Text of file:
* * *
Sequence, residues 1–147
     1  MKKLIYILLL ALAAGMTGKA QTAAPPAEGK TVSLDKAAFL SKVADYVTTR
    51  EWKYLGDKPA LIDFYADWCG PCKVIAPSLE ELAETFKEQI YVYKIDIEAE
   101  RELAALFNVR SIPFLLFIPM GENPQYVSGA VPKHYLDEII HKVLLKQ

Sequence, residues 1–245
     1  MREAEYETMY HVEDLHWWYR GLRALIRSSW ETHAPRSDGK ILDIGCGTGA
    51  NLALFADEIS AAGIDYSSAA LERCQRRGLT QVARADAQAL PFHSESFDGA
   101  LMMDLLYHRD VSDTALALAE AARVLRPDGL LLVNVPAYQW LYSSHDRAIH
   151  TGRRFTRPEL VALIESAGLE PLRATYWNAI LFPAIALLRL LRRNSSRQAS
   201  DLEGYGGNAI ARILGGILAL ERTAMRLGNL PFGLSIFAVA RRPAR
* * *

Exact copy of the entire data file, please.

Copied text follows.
Sequence, residues 1–147
     1  MKKLIYILLL ALAAGMTGKA QTAAPPAEGK TVSLDKAAFL SKVADYVTTR
    51  EWKYLGDKPA LIDFYADWCG PCKVIAPSLE ELAETFKEQI YVYKIDIEAE
   101  RELAALFNVR SIPFLLFIPM GENPQYVSGA VPKHYLDEII HKVLLKQ

Sequence, residues 1–245
     1  MREAEYETMY HVEDLHWWYR GLRALIRSSW ETHAPRSDGK ILDIGCGTGA
    51  NLALFADEIS AAGIDYSSAA LERCQRRGLT QVARADAQAL PFHSESFDGA
   101  LMMDLLYHRD VSDTALALAE AARVLRPDGL LLVNVPAYQW LYSSHDRAIH
   151  TGRRFTRPEL VALIESAGLE PLRATYWNAI LFPAIALLRL LRRNSSRQAS
   201  DLEGYGGNAI ARILGGILAL ERTAMRLGNL PFGLSIFAVA RRPAR